The Federal Circuit is continuing its close scrutiny of reasonable royalty damage awards and is encouraging district courts to do the same. In February 2010, the Federal Circuit in, Inc. v. Lansa, 594 F.3d 860 (Fed. Cir. 2010), vacated a district court's award of reasonable royalty damages because the lower court failed to account for differences between the patented technology and the technology covered by licenses offered in evidence. The opinion suggests that parties need to be meticulous in presenting evidence supporting their reasonable royalty argument if they want to prevail. follows the Federal Circuit's decision last September in Lucent Technologies, Inc. v. Gateway, Inc., 580 F.3d 1301 (Fed. Cir. 2009), where the court suggested it would be tightening the reins on reasonable royalty awards. In that case, the Federal Circuit vacated a $358 million damage award because, in its view, the plaintiff failed to present sufficient evidence showing that the licenses used as a basis for the reasonable royalty calculation were comparable to the license that would have been negotiated for the patent in suit. Many observers were surprised by the degree to which the Federal Circuit analyzed the terms of the eight licenses at issue and the expert testimony regarding those licenses.

The patents at issue in covered processes for downloading screen information from a mainframe computer to a personal computer. In a bench trial, the district court ruled that the patent was valid and infringed, and awarded more than $500,000 in damages based on a 12.5 percent royalty.

On appeal, the Federal Circuit drew a direct link between this case and its decision in Lucent, stating that “[t]he majority of the licenses on which ResQNet relied in this case are problematic for the same reasons that doomed the damage award in Lucent.” Those reasons being that, in the panel majority's view, most of the licenses relied on by ResQNet's damages expert “had no relation to the claimed invention.”

ResQNet's expert relied on seven licenses to arrive at his reasonable royalty opinion. Only two of those licenses related to the patent in suit. Both of those licenses arose out of litigation; one contained a royalty of substantially less than 12.5 percent, and the other did not contain a running royalty rate. The remaining five licenses, on the other hand, contained rates of up to 25, 30, and 40 percent. Reviewing the trial record, the court said ResQNet's expert gave “unconvincing reasons” for considering these licenses and found “[t]he inescapable conclusion is that [ResQNet's expert] used licenses with no relationship to the claimed invention to drive the royalty rate up to unjustified double-digit levels.”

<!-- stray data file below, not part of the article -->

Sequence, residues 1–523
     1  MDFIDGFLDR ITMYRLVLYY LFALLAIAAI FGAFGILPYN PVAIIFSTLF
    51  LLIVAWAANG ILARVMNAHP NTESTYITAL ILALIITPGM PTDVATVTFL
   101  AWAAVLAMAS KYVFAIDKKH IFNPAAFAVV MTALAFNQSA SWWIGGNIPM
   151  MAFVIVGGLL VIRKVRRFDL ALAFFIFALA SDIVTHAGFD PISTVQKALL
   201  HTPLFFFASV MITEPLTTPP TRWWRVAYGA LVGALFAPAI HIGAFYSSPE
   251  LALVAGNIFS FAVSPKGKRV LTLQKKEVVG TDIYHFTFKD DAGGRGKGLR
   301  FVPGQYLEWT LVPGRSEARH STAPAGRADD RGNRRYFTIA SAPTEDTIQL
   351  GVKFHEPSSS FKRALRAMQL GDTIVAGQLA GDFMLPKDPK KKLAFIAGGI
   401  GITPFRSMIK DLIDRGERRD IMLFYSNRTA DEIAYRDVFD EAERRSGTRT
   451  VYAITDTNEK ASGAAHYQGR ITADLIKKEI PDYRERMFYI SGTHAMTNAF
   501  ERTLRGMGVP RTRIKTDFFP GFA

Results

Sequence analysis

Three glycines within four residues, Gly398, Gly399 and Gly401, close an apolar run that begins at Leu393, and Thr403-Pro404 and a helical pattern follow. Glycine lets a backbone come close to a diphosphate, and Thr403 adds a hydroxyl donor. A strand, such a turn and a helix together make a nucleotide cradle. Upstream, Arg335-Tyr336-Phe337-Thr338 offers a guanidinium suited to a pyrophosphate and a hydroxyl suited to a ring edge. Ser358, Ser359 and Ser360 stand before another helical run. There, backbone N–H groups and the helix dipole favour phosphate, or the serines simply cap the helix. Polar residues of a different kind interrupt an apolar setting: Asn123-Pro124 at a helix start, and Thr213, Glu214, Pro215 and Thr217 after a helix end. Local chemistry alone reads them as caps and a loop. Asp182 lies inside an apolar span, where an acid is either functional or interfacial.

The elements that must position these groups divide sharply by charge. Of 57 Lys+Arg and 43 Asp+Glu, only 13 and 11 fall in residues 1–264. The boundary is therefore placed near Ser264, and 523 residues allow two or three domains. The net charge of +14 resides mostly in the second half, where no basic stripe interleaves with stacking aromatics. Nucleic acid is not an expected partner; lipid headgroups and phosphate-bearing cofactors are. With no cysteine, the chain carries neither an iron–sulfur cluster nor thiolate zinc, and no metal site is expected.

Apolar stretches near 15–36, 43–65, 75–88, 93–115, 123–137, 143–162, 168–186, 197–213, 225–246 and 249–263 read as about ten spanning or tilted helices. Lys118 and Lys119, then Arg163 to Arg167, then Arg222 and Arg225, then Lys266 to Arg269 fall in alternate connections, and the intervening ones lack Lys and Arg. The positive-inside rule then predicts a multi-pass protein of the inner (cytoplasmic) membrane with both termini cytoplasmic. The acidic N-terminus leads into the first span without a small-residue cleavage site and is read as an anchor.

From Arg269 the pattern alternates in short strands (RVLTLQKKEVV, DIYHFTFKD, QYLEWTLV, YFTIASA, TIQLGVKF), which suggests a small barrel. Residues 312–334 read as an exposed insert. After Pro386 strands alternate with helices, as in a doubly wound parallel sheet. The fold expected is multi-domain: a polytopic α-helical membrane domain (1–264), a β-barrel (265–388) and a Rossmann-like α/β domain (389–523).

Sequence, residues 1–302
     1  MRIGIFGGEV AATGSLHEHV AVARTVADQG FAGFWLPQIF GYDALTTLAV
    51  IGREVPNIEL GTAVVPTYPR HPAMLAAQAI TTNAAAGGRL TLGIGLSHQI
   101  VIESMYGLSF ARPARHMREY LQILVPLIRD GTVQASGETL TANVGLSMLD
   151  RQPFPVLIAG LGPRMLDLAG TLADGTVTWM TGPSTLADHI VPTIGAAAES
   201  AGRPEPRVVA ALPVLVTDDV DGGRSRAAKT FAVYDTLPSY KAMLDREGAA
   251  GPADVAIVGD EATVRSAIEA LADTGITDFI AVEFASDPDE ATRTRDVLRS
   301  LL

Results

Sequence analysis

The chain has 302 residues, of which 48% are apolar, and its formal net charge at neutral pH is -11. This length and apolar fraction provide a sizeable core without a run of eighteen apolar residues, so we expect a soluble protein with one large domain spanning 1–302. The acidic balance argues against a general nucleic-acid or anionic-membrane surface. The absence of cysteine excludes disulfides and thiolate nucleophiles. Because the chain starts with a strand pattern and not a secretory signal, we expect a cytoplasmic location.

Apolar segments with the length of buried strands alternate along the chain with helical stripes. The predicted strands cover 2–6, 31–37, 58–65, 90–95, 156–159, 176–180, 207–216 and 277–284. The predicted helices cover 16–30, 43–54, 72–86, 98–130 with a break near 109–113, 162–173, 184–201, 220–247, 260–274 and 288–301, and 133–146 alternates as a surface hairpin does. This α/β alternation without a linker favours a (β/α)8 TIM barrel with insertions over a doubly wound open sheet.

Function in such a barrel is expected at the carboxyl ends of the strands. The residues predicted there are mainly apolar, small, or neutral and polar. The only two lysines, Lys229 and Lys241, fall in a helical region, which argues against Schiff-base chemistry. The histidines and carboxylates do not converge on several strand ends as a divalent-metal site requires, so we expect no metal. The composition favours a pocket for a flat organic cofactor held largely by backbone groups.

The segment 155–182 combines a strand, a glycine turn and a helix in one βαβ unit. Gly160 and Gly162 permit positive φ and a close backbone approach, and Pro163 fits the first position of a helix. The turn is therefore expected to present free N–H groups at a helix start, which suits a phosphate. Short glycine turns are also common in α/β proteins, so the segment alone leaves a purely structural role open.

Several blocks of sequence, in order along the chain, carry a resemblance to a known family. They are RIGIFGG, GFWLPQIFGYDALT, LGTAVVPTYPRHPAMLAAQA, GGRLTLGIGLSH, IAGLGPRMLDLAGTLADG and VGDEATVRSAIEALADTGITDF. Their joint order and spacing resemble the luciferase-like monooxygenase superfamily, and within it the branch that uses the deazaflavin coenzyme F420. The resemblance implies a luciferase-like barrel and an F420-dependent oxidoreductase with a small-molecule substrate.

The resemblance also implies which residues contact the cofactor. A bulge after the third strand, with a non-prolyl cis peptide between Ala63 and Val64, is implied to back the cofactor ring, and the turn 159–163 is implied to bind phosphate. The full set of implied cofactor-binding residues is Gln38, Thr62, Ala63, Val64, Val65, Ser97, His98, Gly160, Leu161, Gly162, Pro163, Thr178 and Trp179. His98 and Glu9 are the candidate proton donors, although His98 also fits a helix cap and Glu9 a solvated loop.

Unlike Lucent, the court's decision in was not unanimous. Judge Newman dissented from the opinion, appearing to disagree with the majority's reading of the basic facts of the case. In particular, Judge Newman found that the five high-royalty licenses did include the patented technology and that the district court properly accounted for differences between the facts surrounding those licenses and the hypothetical negotiation relevant to the reasonable royalty analysis. Judge Newman would have deferred to the district court's evaluation of the facts and affirmed its decision.

Regardless of which judges were reading the facts correctly, the point of both Lucent and is that Federal Circuit panels are paying much closer attention to the factual bases for experts' reasonable royalty opinions. In the past, parties may have been content to rely on whatever licenses were most favorable for them, regardless of how dissimilar they were to the patent in suit, and assume that hand-waving by a qualified economic expert would be enough to cure any evidentiary shortcomings. Lucent and show that this is no longer a reasonable tactic.

Whenever possible, parties must rely on licenses for the patent in suit. If a license is ambiguous or plainly covers a different patent, the party must be thorough in setting forth the reasons why it believes the license is relevant to the hypothetical negotiation. In Lucent, for example, the court criticized the plaintiff's expert for providing no explanation of the subject matter or patents covered by several of the licenses.

In addition, parties should be careful not to short-change other evidence that is relevant to the reasonable royalty calculation. The experts in both Lucent and used the 15-factor Georgia-Pacific test that is virtually standard in reasonable royalty calculations. Only two of the Georgia-Pacific factors relate to licenses for the patents at issue or other technology. Yet those two factors are usually the primary focus of damages experts' analyses. For example, in, the court said the expert “considered a few of the other Georgia-Pacific factors, but dismissed them because ‘[f]or the most part, the other factors have no real impact here.'” And in Lucent, the court emphasized that the Georgia-Pacific factors are a “useful … framework” for assessing reasonable royalty damages and suggested that the outcome might have been different had there been more persuasive evidence under the other factors.

Essentially, Lucent and can be read as directives that parties must be more thorough in presenting their reasonable royalty cases. The court in Lucent admonished that “a damages award cannot stand solely on evidence which amounts to little more than a recitation of royalty numbers, one of which is arguably in the ballpark of the jury's award.” Parties need to do a better job of developing and explaining all of the evidence relevant to their royalty arguments if they want to prevail.